The basic in-your-face needs of country living demand more of children in the first place. A child growing up on a ranch, farm, or helping with the family business, will have to develop a range of basic skills which helicopter-parented city kids will never be exposed to — unless they move to the country themselves. So in that sense, self-sufficiency — a key part of the Dangerous Child attitude — is an intrinsic part of a good country upbringing.
Many of semi-dangerous skills learned by 10-12 year olds are readily available in the country: Welding, electrical motors and pumps, all types of electrical wiring methods, plumbing systems, backup power supplies, power tools of all kinds, heavy machinery (including implements for digging, ploughing, earth-moving, demolition, etc.).
When Dangerous Children get together on their own, they are likely to want to hunt, fish, build or repair, or practise dangerous skills in the outdoors.
Understanding how dangerous the human world is becoming, they feel an important, underlying purpose growing inside of them as they age and gain more useful skills and life competencies. They understand that if humans are to build a more expansive and abundant human future, a good part of the human substrate will have to be up to the challenges ahead.
The skankstream cathedral — working within the consensual delusion — has been hard at work attempting to destroy or corrupt the traditional ways in which children might be allowed to grow up both dangerous and responsible. The skankstream would rather have kids grow up stuck in a perpetually helpless adolescent state, dependent upon the skankstream for virtually all of their needs.
Note: It is possible that for some parents and offspring, raising a Dangerous Child is best done in the war zone of a multicultural inner city. If the child can be protected to the age that he can take care of himself on the mean streets, living in the middle of a dysgenic Idiocracy may provide some of the best lessons he will ever learn.
But in general, such experiences can be provided just as well in the more controlled setting of planned field trips into the city. One must be confronted with such dysfunction face to face in order to understand and better prepare for it, well before any in-city apprenticeships, work, or higher education.
The Dangerous Child Method is not easily applied, nor will it come naturally to large numbers of today’s young citizens, parents, and potential parents. That is why we have decided to go semi-public with many of these ideas, so that the wiser of the young will have a bit of time to prepare and debate the issues.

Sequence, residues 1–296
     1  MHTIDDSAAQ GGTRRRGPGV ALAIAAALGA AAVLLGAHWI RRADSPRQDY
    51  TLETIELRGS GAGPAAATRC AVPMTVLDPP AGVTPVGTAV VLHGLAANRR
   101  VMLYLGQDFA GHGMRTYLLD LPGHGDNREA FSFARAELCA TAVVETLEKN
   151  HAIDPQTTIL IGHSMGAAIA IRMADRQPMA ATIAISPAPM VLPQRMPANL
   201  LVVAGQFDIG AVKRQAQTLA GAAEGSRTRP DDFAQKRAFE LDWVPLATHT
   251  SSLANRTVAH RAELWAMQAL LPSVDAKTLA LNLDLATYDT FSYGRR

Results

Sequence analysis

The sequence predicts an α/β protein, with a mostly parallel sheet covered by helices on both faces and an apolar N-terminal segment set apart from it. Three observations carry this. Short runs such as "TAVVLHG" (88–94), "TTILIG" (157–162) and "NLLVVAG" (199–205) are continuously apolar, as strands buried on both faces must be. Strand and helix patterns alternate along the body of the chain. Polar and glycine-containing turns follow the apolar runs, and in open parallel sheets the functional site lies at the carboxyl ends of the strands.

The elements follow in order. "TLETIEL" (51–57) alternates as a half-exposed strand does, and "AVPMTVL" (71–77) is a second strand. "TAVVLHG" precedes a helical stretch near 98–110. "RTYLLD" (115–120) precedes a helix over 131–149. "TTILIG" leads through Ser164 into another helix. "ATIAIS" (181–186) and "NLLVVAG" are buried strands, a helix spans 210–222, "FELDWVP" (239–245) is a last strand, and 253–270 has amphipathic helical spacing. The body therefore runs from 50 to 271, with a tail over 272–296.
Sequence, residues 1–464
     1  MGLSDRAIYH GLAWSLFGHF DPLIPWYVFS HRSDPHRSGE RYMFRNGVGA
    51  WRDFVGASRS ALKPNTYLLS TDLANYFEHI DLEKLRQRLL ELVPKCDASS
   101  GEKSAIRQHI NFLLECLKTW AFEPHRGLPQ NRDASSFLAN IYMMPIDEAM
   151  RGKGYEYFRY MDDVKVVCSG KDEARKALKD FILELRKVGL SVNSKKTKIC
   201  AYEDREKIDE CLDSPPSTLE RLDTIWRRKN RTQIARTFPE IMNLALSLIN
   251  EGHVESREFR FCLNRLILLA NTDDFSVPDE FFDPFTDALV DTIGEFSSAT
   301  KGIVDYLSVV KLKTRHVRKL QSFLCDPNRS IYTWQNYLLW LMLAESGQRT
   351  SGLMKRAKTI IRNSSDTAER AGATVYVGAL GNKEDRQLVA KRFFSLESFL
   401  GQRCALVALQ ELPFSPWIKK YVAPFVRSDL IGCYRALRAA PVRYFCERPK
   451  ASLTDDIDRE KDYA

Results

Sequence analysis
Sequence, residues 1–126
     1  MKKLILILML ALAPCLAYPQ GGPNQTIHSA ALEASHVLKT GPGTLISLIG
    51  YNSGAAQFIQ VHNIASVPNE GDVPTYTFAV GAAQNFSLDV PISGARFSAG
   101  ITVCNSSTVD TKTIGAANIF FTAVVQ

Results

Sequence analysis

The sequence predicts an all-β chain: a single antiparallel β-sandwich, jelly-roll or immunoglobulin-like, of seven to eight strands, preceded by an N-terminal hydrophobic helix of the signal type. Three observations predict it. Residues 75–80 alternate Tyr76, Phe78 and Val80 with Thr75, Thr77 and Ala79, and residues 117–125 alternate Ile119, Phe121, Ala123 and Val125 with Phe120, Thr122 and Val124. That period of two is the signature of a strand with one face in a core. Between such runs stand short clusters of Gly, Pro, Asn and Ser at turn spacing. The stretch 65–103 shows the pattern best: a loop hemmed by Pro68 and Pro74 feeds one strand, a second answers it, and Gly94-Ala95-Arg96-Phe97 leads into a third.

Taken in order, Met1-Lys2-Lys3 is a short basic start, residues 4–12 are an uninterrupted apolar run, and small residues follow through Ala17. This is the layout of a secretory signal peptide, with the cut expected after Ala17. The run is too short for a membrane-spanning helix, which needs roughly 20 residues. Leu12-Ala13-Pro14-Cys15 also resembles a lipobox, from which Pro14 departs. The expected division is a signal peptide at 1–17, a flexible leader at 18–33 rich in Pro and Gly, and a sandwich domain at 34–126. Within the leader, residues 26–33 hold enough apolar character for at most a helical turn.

Physician and futurist Peter Diamandis emphasises “immersion” in the process of learning. With the coming of virtual reality, we have yet another way to become immersed in our learning. Start with your passion, use your strengths, learn by doing — jump right in.
You have to be fully immersed if you want to really learn.
Connect the topic with everything you care about — teach your friends about it, only read things that are related to the topic, surround yourself with it.
Make learning the most important thing you can possibly do and connect to it in a visceral fashion.
As part of your full immersion, dive into the very basic underlying principles governing the skill you want to acquire.
This is an idea Elon Musk (CEO of Tesla, SpaceX) constantly refers to: “The normal way we conduct our lives is we reason by analogy. We are doing this because it’s like what other people are doing. [With first principles] you boil things down to the most fundamental truths … and then reason up from there.”
You can’t skip the fundamentals — invest the time to learn the basics before you get to the advanced stuff.
… In the future, the next big shift in learning will happen as we adopt virtual worlds and augmented reality.
It will be the next best thing to “doing” — we’ll be able to simulate reality and experiment (perhaps beyond what we can experiment with now) in virtual and augmented environments.
Add that to the fact that we’ll have an artificial intelligence tutor by our side, showing us the ropes and automatically customizing our learning experience. ___ Peter Diamandis
Immersive learning has long been popular and effective for learning foreign languages. Living and traveling in foreign countries forces one to go beyond comfort boundaries, and learn repeatedly on the fly.
… role-playing adventures in Quest Atlantis (http://viewpure.com/1YookRDby3Y?ref=bkmk) may have you apprenticing as a journalist, archaeologist, historian, mathematician, geneticist, astrophysicist, astronaut, politician, etc. You may also need to meet with people in these careers in real-life as well to gain their perspective on the problems you must solve. These dilemmas are authentic ones requiring thoughtful and personal responses. You will learn that most important questions seldom have black or white solutions. Your options will not be the usual T/F or multiple choice solutions. __ https://immersivetechnology.edublogs.org/